When we follow the path shown by the Buddha, we will one day become Buddha ourselves. We will become equal to the teacher, Buddha. We will be truly free and independent.

Malcolm
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Re: Believing in a Christian God

Post by Malcolm » Thu Feb 12, 2015 2:56 pm

Sherab wrote:
Jeff wrote:
Sherab wrote: In Buddhism, any surrender is only expedient and temporary. The final goal is liberation from all dependencies, i.e., true independence. And you take your place as a Victorious One and become a source of refuge for others who have yet to achieve liberation.

In Abrahamic religions, surrender is absolute and eternal, and any free will you have is subject to the free will of Big Daddy.
Where do you come up with that? Remember the most high is not some Zeus like old man. A couple of actual quotes from the bible for you...

Psalms 82:5-6
 5They know not, neither will they understand; they walk on in darkness: all the foundations of the earth are out of course. 6I have said, Ye are gods; and all of you are children of the most High.

John 14:10-12
10 Do you not believe that I am in the Father, and the Father in Me? The words that I speak to you I do not speak on My own authority; but the Father who dwells in Me does the works. 11 Believe Me that I am in the Father and the Father in Me, or else believe Me for the sake of the works themselves. 12 “Most assuredly, I say to you, he who believes in Me, the works that I do he will do also; and greater works than these he will do, because I go to My Father.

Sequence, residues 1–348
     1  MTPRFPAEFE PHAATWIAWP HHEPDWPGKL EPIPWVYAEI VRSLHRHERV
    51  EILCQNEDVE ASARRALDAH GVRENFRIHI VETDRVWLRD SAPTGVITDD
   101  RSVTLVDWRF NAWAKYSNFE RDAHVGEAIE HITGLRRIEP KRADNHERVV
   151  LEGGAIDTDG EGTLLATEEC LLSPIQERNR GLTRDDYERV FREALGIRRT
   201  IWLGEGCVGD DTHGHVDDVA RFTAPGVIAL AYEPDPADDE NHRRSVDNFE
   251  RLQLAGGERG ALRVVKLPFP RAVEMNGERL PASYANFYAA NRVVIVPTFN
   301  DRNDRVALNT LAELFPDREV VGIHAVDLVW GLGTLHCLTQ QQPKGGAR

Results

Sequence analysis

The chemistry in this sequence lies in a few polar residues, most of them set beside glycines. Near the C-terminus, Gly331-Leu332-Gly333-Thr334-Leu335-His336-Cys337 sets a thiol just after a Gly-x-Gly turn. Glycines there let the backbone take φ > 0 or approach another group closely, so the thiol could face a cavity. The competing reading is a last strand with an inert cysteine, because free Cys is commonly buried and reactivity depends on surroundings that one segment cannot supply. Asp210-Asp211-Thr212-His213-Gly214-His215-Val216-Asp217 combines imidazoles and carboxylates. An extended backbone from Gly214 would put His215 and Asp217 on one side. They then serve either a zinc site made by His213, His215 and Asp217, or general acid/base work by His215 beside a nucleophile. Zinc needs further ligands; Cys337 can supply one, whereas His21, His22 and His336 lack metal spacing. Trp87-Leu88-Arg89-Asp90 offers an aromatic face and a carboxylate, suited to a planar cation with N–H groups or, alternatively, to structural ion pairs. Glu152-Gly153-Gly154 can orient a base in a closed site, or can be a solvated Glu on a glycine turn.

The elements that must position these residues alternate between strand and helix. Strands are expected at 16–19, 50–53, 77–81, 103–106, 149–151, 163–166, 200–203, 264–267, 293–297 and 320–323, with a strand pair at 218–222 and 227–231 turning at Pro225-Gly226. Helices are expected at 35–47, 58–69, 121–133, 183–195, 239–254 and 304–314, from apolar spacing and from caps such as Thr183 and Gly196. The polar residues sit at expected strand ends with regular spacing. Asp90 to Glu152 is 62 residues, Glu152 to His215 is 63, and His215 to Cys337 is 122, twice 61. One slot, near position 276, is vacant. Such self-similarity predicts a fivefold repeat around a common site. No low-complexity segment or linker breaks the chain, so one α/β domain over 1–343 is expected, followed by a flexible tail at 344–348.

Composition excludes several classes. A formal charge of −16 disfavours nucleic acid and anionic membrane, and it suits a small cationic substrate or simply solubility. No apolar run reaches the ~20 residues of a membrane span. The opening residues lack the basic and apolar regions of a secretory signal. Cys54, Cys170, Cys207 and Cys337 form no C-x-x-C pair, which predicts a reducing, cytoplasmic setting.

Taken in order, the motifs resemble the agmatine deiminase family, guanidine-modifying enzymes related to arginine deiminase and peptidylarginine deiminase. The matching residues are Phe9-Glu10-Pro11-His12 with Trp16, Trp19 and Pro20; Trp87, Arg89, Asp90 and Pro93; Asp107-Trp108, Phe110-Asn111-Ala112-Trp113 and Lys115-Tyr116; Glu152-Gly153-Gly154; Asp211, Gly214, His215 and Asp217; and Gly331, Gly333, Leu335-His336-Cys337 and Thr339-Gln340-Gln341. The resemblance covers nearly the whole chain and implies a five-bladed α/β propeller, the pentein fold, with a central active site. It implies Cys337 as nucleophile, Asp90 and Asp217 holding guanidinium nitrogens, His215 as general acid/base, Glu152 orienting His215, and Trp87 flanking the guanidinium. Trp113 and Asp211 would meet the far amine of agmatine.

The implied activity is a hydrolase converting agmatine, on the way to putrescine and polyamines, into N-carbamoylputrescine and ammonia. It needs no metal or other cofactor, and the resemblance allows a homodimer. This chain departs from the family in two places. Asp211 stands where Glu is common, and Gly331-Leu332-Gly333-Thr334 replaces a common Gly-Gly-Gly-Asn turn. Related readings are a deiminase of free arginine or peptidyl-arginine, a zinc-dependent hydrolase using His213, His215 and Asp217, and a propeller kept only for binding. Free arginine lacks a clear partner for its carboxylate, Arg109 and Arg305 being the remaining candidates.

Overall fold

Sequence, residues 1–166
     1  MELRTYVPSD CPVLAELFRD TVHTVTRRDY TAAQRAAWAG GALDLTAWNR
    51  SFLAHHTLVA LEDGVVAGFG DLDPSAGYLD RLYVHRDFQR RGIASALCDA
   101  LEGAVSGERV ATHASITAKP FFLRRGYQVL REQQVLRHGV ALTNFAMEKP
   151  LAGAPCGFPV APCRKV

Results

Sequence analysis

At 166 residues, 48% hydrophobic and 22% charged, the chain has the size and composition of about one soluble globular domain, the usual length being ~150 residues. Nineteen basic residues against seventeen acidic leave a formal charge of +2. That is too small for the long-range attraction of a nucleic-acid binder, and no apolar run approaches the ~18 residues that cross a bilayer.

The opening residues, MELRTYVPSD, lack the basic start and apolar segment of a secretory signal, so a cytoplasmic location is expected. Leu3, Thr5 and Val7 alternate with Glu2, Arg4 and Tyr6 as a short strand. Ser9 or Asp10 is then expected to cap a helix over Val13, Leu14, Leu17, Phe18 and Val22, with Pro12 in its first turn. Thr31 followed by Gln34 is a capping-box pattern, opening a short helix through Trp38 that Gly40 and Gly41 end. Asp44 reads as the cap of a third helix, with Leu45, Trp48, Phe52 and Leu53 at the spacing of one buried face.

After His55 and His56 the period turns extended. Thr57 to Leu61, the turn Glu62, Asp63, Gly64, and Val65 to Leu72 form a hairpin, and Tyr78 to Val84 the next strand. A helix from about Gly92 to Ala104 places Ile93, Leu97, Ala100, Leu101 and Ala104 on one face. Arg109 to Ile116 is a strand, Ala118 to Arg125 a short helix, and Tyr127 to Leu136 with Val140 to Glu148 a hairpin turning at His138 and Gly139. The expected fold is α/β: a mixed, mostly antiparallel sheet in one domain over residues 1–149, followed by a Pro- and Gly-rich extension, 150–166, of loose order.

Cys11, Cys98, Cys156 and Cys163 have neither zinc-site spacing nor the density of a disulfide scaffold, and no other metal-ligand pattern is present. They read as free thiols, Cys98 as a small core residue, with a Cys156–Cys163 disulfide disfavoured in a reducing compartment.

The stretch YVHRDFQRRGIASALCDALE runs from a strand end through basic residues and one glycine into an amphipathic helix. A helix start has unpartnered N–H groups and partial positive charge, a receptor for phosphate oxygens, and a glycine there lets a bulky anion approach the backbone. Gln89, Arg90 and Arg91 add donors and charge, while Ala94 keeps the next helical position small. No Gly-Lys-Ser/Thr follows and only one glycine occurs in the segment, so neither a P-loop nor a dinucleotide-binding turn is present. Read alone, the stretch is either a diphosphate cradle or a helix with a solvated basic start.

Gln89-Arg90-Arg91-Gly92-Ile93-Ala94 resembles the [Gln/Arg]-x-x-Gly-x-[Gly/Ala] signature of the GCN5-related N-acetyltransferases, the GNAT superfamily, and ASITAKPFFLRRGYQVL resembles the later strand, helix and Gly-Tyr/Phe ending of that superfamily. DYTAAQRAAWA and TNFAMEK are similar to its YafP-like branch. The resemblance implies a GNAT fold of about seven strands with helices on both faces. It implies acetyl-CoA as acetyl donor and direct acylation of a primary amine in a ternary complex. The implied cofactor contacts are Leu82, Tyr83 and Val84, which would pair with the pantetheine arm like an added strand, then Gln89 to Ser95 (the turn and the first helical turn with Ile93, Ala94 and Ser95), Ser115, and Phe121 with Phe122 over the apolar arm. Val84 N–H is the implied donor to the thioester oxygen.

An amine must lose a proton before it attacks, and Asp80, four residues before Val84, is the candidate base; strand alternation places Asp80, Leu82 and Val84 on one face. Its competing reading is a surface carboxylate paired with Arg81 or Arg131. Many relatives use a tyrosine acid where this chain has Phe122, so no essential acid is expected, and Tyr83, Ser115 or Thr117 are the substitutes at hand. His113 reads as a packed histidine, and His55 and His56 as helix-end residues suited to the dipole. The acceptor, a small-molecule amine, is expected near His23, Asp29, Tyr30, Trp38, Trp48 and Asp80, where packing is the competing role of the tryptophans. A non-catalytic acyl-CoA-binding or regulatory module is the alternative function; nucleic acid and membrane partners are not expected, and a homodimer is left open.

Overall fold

Christians like to claim that the creator is beyond space and time. Since the created are created within space and time, the created will always be lower than the creator. If you think that you can be equal to the creator, your Christian friends will think that you have come under the influence of Satan. So Big Daddy still rules over you whether you like it or not. Your free will is an illusion.

In Buddhism, the belief in a Creator God is considered as irrational. The Buddha himself taught that there is no Creator God. The Buddha taught that the Creator God is deluded in thinking that he (the Creator God) is a creator of the world and the beings therein.

When we follow the path shown by the Buddha, we will one day become Buddha ourselves. We will become equal to the teacher, Buddha. We will be truly free and independent.
If Jeff wants to believe that his esoteric Christianity has the same message as Buddhadharma, that is his trip, and his conceptual confusion — but we should stop wasting our time with this.

Simon E.